Escobar season has returned, ladies and gentlemen.
Allow me to present to you a brand new music video from Nas.
Now you see this, people?
THIS is how you make Hip Hop that’s dope and has sociopolitical relevance.
Check out the video for Nas’ “Nasty” below.
Gangster-Rap-Godfather Ice-T is really unhappy with the mainstreaming of Hip Hop. And outside the premier of his new documentary “Planet Rock: The Story of Hip Hop and the Crack Generation,” HE WENT IN.
On Rick Ross:
He thinks he’s [Freeway] Rick Ross, he thinks he’s Larry Hoover, he thinks he’s Big Meech, he thinks he’s MC Hammer, he thinks he’s Tupac. Like, who the f*ck are you really, dude?”
On Lil Wayne and Hip Hop Going Pop:
“Rap was a counterculture that went against pop. But when you have Rihanna singin’ on your records and you’re doin’ records with Katy Perry, that’s no longer rap. It’s pop music, pop using rap delivery. When you hear Lil Wayne sayin’ ‘I got a chopper in the car,’ you go, ‘Yeah, right you do.‘”
A few years ago I had an internship at the Greater Philadelphia Urban Affairs Coalition, where one of my chief duties was to spend hours looking through microfilm for newspaper clippings that dramatized the racial climate in Philadelphia throughout the years.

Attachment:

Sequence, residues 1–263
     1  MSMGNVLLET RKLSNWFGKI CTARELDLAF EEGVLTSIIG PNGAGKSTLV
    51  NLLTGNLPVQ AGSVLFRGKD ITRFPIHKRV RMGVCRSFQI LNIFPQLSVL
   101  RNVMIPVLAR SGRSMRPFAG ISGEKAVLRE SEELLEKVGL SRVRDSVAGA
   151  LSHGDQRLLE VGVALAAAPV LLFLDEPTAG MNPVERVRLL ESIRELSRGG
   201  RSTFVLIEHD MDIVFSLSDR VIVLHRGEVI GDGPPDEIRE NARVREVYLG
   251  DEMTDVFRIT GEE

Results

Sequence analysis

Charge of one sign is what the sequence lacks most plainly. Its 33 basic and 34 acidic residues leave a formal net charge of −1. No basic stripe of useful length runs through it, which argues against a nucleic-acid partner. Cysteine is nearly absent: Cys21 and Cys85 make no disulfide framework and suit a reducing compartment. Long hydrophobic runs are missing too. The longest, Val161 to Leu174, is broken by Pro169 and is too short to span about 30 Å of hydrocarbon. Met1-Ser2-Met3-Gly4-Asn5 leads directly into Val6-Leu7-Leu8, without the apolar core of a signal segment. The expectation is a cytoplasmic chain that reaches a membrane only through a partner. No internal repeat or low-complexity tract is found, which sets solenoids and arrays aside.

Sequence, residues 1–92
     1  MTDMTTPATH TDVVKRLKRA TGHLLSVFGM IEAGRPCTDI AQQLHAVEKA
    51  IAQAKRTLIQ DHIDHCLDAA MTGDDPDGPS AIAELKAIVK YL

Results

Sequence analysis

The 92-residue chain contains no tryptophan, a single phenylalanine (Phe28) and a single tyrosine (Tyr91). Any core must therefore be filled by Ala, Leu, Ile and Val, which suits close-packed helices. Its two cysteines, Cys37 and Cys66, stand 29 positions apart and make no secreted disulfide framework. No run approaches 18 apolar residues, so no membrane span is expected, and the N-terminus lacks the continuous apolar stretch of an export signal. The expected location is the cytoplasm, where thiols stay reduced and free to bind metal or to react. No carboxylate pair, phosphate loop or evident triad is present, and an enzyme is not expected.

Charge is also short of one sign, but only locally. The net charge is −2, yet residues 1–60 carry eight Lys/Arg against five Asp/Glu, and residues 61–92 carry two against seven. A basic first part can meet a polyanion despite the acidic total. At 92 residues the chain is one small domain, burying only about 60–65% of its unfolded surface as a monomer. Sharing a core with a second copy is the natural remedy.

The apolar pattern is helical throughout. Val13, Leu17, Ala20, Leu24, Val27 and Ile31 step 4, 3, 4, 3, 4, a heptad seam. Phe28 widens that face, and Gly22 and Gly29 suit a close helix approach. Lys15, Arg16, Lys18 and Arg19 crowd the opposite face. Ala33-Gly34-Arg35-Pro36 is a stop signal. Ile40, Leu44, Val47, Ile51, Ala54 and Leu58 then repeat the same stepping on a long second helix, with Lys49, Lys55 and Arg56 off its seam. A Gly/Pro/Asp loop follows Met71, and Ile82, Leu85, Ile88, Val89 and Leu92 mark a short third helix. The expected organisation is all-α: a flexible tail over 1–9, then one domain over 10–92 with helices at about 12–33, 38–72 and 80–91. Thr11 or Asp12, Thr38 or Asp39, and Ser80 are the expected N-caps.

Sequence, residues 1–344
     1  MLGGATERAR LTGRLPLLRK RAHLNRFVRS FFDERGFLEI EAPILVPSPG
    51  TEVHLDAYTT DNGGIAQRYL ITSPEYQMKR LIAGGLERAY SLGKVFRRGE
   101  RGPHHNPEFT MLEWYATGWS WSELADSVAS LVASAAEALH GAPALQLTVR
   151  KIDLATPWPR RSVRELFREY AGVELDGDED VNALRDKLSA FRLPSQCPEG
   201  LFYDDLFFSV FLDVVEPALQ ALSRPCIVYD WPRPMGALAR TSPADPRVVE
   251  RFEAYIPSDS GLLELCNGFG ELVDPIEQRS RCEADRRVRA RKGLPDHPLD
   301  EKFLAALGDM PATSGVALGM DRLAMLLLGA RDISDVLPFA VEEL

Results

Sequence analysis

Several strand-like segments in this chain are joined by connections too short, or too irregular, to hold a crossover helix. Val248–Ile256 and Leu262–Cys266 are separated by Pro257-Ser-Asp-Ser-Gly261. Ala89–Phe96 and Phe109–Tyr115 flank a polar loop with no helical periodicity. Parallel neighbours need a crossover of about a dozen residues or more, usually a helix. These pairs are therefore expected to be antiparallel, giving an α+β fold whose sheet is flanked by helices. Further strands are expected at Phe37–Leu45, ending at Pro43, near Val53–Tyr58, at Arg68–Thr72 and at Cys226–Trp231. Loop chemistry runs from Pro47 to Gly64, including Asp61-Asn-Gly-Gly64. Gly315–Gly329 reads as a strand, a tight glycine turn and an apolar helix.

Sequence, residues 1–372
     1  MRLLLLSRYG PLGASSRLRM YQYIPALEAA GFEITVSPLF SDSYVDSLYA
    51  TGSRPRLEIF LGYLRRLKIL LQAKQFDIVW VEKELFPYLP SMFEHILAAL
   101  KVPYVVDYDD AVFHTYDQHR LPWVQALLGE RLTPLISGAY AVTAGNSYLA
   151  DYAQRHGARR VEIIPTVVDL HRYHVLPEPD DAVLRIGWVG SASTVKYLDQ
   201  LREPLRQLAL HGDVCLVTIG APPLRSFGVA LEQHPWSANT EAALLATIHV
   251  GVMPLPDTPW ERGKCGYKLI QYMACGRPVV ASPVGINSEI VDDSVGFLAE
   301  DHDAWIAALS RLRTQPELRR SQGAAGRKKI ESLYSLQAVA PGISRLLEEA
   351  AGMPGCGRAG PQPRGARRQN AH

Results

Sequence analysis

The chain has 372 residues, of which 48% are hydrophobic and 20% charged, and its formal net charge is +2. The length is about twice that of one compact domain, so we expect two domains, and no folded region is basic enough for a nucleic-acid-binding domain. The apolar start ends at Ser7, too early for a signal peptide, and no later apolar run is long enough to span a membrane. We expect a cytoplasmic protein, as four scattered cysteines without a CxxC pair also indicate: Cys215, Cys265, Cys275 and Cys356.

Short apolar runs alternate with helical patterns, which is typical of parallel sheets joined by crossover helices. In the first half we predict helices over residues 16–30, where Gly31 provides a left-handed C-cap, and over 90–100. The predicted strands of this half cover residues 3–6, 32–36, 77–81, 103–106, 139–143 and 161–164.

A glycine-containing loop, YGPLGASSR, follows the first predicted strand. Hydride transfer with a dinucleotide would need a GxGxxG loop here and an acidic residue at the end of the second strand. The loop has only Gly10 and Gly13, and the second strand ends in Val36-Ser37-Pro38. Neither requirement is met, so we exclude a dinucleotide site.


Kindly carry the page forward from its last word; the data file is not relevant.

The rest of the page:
One article that stood out was a poll of Philadelphians that asked, “How would you describe the state of racial equality in America today?” The vast majority of whites (something like 60-70%) answered “Good.”
The year was 1968.
These people had no idea how dire the state of race relations was in America at the time because all they could compare it to was a not-so-distant past marred by lynching, sharecropping and segregation. But today we can see quite clearly that things were bad. Racism was alive and well.
And that’s why race is such a tricky issue in America. Racism grows classier and more refined every day, but it never goes away. How else can we explain the American people tolerating the unprecedented disrespect, racism, obstruction and outright legislative terrorism being perpetrated by the GOP?
Last Saturday night, Kreayshawn and the White Girl Mob played a sold-out gig in Hollywood. And according to Spin Magazine, it was an insane show.
“…the audience rushed the stage where they proceeded to completely freak out — bouncing, stripping, cooking, and flipping into the crowd — until the music was done and they were forced bodily from the limelight by the venue’s security. It was intensely electric.”
The next day, she hit the VMAs, where she was nominated (and a favorite) for the Best New Artist Award. She lost to like-minded and equally controversial Tyler, the Creator. Like Kreayshawn, Tyler and Odd Future rose to prominence through YouTube, blogs and social media, don’t fit in any radio format, and have sharply divided critics and fans.
A lot of people aren’t taking Kreayshawn and Odd Future seriously. And that’s understandable. When something comes along that is so alien to mainstream standards and tastes, it always gets dismissed.
But don’t be fooled. Their success is organic and real; not some record label’s scheme. The rise of artists like Odd Future and Kreayshawn (as well as Lil B and Waka Flocka Flame) is subversive to Hip Hop’s status quo. And it might end up being a big deal.